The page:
Friday, 30 December 2011

Return Of The Manipulator

Beach huts photographed in mid-winter and tinkered with on a long evening, glass of wine by my side and jazz playing in the background.


Take care and a Happy New Year.

Thursday, 29 December 2011

Wimpole Ruins

On the hill behind Wimpole Hall stand the imposing remains of a castle. At least, that's what you're supposed to think. It was very much to romantic taste to have a ruined castle overlooking ones estate and if there wasn't a convenient ruin then you had one built. If you wanted a true top-notch ruin then you commissioned Sanderson Miller, the best architect of romantic ruins to design it. And that is exactly what the 1st Earl of Hardwicke did in 1759. It was built in 1770 when Capability Brown, the greatest landscape gardener of the time, landscaped the park.


I began my walk at the Hall itself in blustery, drizzly weather, crossing the wide pastures and descending to the lake.


Every garden had to have a lake too and, you've guessed it, there wasn't one handy so the Earl had one made by having a small stream dammed. In fact they dammed it twice to create two lakes; they didn't do things by halves. Mandarin Ducks appear on the lake from time to time but today there were only Moorhens, Canada Geese, Tufted Ducks. a single Pochard and a couple of young Swans.



The wind began to break up the cloud layer as I neared the ruin, or more correctly, the folly since that's the correct name for such artificial structures.


The National Trust, who own the estate, won't let you get too near to the folly as it is in real danger of becoming a proper ruin and falling down on unsuspecting visitors.


The observant will realise that you were never intended to get close; for, although the front of the building is of fine stone, its backside is shamefully made from cheap bricks!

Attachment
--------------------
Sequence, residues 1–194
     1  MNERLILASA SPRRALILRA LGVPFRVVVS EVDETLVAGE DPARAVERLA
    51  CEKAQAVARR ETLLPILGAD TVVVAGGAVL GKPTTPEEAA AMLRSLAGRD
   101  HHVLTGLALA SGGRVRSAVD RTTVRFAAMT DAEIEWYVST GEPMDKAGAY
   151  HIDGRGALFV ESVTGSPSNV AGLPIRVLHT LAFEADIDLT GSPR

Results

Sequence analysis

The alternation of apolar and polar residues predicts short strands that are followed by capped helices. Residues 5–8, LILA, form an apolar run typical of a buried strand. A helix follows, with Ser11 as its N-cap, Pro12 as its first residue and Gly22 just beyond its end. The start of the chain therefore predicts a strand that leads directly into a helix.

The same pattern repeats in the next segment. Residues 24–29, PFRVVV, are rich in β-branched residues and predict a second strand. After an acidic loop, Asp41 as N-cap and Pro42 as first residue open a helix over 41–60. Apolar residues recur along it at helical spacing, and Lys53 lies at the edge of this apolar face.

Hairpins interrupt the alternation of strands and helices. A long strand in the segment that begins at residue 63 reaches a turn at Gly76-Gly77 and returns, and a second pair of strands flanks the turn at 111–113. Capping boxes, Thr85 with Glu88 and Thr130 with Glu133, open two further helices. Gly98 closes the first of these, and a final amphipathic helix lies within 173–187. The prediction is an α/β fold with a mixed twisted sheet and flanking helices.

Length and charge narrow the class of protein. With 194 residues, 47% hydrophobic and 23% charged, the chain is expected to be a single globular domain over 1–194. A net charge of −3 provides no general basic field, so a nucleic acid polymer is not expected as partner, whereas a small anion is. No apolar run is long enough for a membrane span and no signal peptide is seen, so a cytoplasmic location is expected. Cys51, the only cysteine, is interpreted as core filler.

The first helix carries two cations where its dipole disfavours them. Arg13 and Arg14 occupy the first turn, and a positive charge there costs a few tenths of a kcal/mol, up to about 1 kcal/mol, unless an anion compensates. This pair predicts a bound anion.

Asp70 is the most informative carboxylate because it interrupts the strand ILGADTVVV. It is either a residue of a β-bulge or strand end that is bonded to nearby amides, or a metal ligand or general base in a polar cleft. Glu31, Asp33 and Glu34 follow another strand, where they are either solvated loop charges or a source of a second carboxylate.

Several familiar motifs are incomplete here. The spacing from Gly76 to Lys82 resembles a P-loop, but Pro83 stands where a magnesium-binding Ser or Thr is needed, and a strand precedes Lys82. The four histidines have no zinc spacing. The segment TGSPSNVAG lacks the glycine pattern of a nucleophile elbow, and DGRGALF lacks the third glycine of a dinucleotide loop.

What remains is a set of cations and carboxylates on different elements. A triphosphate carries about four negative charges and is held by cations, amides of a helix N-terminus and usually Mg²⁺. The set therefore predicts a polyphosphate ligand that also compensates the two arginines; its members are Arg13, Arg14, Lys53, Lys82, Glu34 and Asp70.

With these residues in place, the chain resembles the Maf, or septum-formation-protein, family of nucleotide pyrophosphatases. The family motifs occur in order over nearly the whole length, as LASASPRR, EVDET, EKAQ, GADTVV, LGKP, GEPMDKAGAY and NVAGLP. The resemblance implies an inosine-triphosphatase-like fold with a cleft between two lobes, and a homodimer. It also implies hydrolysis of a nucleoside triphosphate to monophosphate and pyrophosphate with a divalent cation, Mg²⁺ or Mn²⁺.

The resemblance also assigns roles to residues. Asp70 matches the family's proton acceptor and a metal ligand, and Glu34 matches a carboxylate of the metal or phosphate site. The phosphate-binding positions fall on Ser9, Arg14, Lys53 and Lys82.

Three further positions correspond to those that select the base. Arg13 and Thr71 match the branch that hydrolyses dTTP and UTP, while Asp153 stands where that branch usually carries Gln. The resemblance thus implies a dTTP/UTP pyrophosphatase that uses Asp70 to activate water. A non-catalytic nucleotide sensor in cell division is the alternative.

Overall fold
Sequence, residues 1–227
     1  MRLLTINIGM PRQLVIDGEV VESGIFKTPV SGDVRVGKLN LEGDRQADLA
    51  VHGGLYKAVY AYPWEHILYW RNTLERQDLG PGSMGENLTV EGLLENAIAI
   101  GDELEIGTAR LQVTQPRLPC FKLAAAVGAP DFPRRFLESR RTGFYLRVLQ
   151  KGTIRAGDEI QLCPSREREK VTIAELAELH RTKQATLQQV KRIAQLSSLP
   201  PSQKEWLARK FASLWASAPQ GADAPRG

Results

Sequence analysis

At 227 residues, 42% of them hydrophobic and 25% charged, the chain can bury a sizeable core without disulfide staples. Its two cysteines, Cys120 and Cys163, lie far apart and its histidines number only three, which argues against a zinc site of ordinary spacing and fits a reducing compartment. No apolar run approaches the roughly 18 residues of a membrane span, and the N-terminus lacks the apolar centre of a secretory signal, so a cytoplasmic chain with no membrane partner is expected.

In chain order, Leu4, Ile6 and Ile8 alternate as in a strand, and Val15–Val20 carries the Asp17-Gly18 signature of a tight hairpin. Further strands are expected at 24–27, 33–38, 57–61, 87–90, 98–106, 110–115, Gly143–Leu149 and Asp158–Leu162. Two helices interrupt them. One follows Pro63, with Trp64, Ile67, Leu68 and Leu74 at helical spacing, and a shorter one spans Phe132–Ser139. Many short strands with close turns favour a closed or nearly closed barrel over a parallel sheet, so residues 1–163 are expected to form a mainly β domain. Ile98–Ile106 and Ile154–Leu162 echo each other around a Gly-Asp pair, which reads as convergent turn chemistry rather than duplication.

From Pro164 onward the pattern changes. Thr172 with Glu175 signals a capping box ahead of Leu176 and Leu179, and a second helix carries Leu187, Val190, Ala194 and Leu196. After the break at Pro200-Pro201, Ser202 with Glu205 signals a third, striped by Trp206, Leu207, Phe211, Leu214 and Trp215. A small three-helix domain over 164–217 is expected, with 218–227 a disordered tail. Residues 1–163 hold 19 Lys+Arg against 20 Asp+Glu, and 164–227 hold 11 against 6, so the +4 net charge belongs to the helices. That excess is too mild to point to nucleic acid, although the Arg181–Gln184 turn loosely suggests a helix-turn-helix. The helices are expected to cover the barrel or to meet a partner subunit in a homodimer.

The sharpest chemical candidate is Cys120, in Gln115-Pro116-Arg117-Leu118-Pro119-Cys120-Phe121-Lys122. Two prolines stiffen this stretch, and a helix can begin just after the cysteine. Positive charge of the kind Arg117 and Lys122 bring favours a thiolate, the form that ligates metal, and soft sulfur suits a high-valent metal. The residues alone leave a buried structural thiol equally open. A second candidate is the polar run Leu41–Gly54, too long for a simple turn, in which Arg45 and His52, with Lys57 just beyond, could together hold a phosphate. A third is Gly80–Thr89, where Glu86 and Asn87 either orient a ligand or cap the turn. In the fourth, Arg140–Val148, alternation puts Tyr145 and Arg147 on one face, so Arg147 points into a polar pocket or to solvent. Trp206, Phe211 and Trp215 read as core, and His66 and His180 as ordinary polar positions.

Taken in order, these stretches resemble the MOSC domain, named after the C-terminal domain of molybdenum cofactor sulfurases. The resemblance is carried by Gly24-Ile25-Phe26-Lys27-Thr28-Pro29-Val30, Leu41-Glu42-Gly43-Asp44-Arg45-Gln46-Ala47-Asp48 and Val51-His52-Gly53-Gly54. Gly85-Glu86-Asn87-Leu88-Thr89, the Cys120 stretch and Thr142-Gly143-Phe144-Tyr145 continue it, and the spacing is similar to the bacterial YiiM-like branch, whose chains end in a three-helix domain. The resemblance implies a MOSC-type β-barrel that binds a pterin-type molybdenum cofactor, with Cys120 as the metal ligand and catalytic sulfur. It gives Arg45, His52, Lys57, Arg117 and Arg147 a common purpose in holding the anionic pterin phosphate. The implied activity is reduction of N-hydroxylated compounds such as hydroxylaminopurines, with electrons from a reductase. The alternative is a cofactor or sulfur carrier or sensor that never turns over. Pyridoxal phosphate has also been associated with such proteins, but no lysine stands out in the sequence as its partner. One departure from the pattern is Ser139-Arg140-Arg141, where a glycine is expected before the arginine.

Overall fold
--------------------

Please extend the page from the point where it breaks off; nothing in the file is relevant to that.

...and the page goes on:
I continued on my way in the rain for the clouds had now rolled in again and reached an area of woodland known as The Belts. Woodland was another important element in the ideal Picturesque Landscape. Do I need to tell you that the wood was created to complete the illusion?


Flocks of small birds made their way through the trees and a Buzzard cried overhead. But when not gazing upwards through the binoculars I was kneeling in the damp leaves photographing little details like these fungi which resembled butterflies perching on the rotting wood...


...beautiful colours...




 ...or else examining the grasses and fallen trees at the edge of the wood.



Then I was out in the open country again watching flocks of Fieldfares. A Sparrowhawk hunted along the hedge and hares bounded away across the fields. Short-Eared Owls have been seen around here recently but not today.


Eventually I descended to Cobb's Wood Farm where my progress was observed by an inquisitive equine. A little further along I came upon a rapidly decaying house and outbuildings. There always seems to be some kind of renovation going on here but unless they hurry up they could well be defeated by the natural deterioration caused by time.